What Counts as a Jewish Text?

Some case studies to help us decide.

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The case of Song of Songs is instructive. Song of Songs, which certainly counts as a Jewish text, is not a typical Jewish text content-wise: God is completely left out of it. However, its later interpreters claimed that it was all about the central Jewish experience of God and Israel. Which is to say that in determining what is a Jewish text, it is often interpreters who may come along centuries after a text was written who determine its Jewish status.

Take the case of the writings of Spinoza. At the time he lived, he was excommunicated by the rabbinic authorities because he rejected religious claims of eternal truths in favor of reason. But at different times and in different places, Spinoza has been resurrected as a Jewish writer. During the French revolution, for example, Spinoza's claim that a state should not be grounded in a given religion, but should allow citizens to make the choice of what religion to believe--what we call separation of church and state--was used by Jews to claim they could be good French citizens and still be Jews.

Similar to Spinoza's fate is the books of the Maccabees, the four books retelling the revolution that the Maccabees led to free Israel from the Syrian Greeks. The Rabbis did not include these books in the Hebrew Bible; the books of the Maccabees are included, however, in the Christian Bible. Are they Jewish texts? The Rabbis of the Talmud, famously, only bring up the holiday of Hanukkah in the middle of a discussion about Shabbat. There they do not even mention the stories of rebellion told in Maccabees, and instead they tell the story of a jar of oil that was meant to last one day miraculously lasting eight days. With historical hindsight, we can suggest that the Rabbis of the Talmud did not include the books of the Maccabees as part of the canon because the books suggest armed revolution against the authorities, and for a group of people living under Roman rule, extolling these qualities may have been dangerous. Instead, the Rabbis focus on God's miraculous power to make the jar of oil last eight days. However, in our time, we can most certainly see the books of the Maccabees as Jewish texts.

What makes them Jewish? And for that matter what makes any text Jewish? As we have already seen, it is not necessarily the content of the writing that makes a Jewish text. Rather it is what the interpretive process does with the texts. The Maccabees have become, in our day, important historical figures, so we understand the books as Jewish texts. Early Christian writings, even by authors who may have understood themselves to be Jews, would be outside the realm of Jewish texts because of the strict division between Judaism and Christianity.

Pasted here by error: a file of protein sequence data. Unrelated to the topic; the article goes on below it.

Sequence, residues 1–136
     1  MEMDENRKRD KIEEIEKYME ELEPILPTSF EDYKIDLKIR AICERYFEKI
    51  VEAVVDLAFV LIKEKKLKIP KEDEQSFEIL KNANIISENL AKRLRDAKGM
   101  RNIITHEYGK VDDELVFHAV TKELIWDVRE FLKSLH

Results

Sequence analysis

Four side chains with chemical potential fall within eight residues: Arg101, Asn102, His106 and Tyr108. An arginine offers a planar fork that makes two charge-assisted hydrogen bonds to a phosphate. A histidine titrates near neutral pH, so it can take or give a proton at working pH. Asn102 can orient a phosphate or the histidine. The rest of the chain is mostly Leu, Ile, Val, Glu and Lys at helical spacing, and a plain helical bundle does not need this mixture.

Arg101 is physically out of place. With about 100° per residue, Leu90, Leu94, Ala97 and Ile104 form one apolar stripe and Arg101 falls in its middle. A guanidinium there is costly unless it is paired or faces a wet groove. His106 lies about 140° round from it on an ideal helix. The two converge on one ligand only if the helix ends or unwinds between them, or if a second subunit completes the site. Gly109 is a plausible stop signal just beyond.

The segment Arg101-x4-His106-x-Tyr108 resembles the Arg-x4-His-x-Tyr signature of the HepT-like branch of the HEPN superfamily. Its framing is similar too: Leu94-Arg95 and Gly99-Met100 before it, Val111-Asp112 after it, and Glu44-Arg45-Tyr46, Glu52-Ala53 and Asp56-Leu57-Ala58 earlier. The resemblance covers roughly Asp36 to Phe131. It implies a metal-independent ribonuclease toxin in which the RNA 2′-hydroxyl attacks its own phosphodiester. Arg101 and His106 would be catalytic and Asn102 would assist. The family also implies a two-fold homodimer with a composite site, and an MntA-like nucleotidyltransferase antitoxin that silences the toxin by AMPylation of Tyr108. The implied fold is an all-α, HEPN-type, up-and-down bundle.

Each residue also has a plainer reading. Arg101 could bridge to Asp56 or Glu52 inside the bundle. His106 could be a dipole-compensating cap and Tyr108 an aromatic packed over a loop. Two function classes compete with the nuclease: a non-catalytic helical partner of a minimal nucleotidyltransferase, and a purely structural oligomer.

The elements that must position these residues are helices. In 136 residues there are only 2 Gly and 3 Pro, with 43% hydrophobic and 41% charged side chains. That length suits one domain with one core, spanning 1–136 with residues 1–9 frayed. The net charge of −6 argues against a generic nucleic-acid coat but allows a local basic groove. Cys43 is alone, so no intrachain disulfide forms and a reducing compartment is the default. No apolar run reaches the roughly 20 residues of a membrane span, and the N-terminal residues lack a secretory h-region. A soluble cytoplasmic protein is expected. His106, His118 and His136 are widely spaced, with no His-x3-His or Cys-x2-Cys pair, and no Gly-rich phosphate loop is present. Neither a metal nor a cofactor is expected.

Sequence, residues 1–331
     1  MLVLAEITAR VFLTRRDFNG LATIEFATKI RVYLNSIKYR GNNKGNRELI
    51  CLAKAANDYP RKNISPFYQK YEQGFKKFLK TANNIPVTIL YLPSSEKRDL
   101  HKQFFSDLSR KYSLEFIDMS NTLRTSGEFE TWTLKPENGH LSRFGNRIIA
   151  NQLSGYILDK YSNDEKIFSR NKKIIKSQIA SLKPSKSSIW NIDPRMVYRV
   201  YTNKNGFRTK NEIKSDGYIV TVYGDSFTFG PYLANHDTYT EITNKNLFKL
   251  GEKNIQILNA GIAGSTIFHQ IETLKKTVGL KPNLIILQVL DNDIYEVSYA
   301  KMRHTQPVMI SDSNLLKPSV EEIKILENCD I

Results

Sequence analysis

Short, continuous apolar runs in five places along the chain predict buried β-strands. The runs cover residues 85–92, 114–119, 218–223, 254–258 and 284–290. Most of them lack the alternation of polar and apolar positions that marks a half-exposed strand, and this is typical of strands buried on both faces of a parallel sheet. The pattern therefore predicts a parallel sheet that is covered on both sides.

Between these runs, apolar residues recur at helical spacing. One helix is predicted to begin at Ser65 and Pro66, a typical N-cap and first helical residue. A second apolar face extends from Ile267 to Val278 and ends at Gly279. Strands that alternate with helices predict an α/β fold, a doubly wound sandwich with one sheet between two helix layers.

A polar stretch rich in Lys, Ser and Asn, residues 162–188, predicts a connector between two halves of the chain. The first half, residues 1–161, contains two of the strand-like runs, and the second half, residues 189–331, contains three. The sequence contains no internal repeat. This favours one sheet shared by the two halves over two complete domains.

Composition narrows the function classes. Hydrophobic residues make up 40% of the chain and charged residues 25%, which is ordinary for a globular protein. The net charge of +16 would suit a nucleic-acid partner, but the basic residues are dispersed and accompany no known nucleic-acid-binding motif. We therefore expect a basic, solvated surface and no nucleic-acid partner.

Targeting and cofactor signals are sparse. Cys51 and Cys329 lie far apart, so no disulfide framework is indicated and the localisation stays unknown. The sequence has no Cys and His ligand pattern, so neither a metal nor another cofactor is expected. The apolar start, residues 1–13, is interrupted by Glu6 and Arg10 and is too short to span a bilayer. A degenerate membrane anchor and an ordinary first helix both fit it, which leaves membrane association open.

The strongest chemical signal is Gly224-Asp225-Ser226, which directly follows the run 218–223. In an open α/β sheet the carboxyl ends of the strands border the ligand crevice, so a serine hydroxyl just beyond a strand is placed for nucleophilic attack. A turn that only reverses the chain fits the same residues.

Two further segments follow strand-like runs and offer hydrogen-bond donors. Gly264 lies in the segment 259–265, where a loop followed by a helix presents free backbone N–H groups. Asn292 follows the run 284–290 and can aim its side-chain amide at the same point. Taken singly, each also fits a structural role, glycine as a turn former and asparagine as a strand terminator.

When we come across theologically difficult texts, we also see that content is not the issue in determining their Jewishness. The Bible itself is the most theologically difficult document I can think of: the strict reward and punishment system of Deuteronomy, the God of akedat Yitzhak (the binding of Isaac) who asks Abraham to sacrifice his first son-- this is a problematic vision of God. But we can safely say the Bible is a Jewish text. Agnostic texts are not an issue, either. Primo Levi for example, was an avowed agnostic, but I would classify his writings as Jewish writings, and his poems as Jewish texts. His experience of being in the concentration camps and writing about it from an explicit Jewish viewpoint makes his texts Jewish, even though he was an agnostic.

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Rabbi Dan Judson

Rabbi Dan Judson is the spiritual leader of Temple Beth David in Canton, MA. He is the co-author of two books, The Rituals and Practices of a Jewish Life:  A Handbook for Personal Spiritual Renewal (Jewish Lights Press, 2002) and Meeting at the Well:  A Jewish Spiritual Guide to Being Engaged (UAHC Press, 2002).